Rafting up with other boats is fun. You can relax with other adults while the kids swim themselves to exhaustion. It saves gas and you can even pool food and beverage resources to save money. Here’s how to raft up the right way.
1. The Heaviest Boat Sets the Anchor
This is not necessarily the longest boat. If you have a 24-foot cuddy cruiser, your boat likely outweighs a 27 go-fast. The heaviest boat will have the biggest, heaviest anchor, Or should. When tying up to other boats, use dock lines rated for the biggest boat in the gathering.
2. Ease In
Once the host vessel is in position, deploy fenders and come abeam of it. Heave the bow and stern lines to the other crew. If you can’t do this, approach the bow at a 45-degree angle and toss the bowline, and allow your boat to settle gently back and beside the host by using the wind or current.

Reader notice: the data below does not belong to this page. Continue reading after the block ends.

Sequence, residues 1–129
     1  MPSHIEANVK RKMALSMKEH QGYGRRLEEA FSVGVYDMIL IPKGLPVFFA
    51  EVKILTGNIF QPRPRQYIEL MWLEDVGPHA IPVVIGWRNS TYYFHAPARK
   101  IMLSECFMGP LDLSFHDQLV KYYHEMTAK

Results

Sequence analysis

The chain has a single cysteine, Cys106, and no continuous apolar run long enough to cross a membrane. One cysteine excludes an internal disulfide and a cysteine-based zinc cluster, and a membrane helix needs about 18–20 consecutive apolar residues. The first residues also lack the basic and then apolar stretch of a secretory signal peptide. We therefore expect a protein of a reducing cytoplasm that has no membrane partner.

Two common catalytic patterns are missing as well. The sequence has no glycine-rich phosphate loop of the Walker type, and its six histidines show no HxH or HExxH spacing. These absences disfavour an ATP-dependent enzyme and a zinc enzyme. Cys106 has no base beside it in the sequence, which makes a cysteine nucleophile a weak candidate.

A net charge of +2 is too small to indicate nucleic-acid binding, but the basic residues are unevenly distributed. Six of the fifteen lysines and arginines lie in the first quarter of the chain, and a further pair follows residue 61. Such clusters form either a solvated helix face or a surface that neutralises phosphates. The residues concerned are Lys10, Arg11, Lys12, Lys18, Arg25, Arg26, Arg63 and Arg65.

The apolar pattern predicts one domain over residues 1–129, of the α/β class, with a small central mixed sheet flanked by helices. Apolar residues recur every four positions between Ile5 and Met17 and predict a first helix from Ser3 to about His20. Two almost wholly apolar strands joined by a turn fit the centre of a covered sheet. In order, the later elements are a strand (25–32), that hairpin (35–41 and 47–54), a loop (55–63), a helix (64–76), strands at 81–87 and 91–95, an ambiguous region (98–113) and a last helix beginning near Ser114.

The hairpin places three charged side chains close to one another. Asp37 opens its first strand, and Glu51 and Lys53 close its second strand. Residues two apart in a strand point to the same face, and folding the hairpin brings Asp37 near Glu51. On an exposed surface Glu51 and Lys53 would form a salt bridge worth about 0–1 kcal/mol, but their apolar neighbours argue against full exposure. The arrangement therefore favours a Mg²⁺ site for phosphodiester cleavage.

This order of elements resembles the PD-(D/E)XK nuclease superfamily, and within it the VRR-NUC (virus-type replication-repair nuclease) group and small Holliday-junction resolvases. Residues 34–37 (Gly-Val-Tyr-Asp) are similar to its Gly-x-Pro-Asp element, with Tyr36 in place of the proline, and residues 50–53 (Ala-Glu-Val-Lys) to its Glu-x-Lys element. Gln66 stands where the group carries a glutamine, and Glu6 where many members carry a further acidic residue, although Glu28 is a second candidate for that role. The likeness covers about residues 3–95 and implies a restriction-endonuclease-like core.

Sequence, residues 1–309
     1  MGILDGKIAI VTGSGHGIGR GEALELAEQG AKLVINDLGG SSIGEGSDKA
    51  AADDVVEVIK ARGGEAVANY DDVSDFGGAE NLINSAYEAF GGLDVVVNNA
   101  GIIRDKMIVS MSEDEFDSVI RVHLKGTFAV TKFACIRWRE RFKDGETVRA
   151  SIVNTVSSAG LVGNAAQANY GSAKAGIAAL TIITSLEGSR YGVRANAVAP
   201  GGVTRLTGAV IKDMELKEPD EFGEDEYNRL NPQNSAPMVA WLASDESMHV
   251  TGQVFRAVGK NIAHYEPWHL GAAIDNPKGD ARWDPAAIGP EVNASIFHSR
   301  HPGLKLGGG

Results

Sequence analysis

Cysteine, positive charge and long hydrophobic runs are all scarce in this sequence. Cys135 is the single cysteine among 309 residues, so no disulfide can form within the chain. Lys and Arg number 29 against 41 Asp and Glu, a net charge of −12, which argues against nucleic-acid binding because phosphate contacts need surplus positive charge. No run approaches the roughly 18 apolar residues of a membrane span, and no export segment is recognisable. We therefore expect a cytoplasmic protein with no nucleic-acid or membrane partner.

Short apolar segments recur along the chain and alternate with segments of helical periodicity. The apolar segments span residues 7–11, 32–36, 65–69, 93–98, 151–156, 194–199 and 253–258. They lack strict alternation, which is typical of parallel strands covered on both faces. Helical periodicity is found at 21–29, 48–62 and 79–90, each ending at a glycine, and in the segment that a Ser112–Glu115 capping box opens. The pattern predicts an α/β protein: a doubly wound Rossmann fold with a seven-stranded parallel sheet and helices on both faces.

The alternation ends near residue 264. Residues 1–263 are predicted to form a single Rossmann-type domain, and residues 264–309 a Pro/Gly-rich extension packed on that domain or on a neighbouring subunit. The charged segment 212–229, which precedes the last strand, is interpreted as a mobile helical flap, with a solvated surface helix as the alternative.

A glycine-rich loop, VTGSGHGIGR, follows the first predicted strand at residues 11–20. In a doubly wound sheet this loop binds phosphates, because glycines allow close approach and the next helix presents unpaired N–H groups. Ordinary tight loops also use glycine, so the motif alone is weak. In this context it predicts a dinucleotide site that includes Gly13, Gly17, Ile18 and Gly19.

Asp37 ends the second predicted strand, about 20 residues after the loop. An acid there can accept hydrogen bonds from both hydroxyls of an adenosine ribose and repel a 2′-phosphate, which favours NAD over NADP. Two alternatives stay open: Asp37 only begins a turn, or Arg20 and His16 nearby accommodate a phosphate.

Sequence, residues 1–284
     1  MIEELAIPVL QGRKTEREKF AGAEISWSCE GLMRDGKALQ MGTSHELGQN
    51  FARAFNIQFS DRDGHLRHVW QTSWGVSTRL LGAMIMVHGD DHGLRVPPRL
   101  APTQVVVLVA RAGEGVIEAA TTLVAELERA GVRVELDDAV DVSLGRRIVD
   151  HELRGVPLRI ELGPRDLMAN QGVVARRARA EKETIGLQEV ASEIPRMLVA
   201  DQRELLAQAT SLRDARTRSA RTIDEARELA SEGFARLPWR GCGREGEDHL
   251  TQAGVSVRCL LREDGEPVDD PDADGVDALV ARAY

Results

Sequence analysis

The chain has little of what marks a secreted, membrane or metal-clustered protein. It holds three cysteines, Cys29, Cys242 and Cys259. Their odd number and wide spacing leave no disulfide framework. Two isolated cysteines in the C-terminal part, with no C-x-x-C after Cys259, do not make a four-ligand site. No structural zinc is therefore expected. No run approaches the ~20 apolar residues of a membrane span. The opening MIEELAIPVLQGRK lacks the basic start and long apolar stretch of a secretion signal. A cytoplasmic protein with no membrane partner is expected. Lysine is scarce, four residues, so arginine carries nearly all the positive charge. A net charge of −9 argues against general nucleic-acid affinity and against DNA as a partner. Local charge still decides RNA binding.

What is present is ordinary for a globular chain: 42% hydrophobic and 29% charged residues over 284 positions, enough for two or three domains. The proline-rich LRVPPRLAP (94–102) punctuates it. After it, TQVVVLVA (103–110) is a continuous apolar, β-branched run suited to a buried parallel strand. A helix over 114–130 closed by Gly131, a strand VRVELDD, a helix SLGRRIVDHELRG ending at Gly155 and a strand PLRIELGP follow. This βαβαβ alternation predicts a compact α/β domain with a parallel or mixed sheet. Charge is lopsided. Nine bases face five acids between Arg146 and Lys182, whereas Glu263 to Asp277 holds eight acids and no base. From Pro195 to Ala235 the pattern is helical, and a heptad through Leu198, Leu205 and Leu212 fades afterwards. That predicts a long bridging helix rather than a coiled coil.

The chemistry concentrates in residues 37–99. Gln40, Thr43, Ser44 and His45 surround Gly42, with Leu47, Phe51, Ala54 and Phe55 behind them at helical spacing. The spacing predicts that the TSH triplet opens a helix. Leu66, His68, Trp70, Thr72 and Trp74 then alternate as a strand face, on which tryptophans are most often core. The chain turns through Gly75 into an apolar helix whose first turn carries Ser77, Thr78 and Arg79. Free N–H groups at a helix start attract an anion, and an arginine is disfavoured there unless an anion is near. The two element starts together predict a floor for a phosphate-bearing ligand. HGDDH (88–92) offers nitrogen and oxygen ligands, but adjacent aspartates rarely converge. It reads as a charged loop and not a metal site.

3. Get In Order
If more than two boats are rafting up, the anchored boat should remain in the middle. If more boats continue to tie up, alternate each arriving vessel so that the numbers remain the same on each side of the anchored vessel.
4. Don’t Climb
When possible, try to get the sterns of the boats to line up so people can pass from vessel to vessel on the swim platforms. This is safer and more practical than climbing across gunwales or over bow rails. Use spring lines to adjust fore and aft position relative to the host vessel.
5. Protect Freeboard
Use plenty of fenders (only cars have bumpers) and make sure they’re big enough to keep the rafted boats from crunching. Using fenders is easier if boats with similar freeboard are tied next to each other, so consider that when organizing a raft-up.
6. Picture Circles
Be aware of the swinging room your raft would need should wind or current direction change.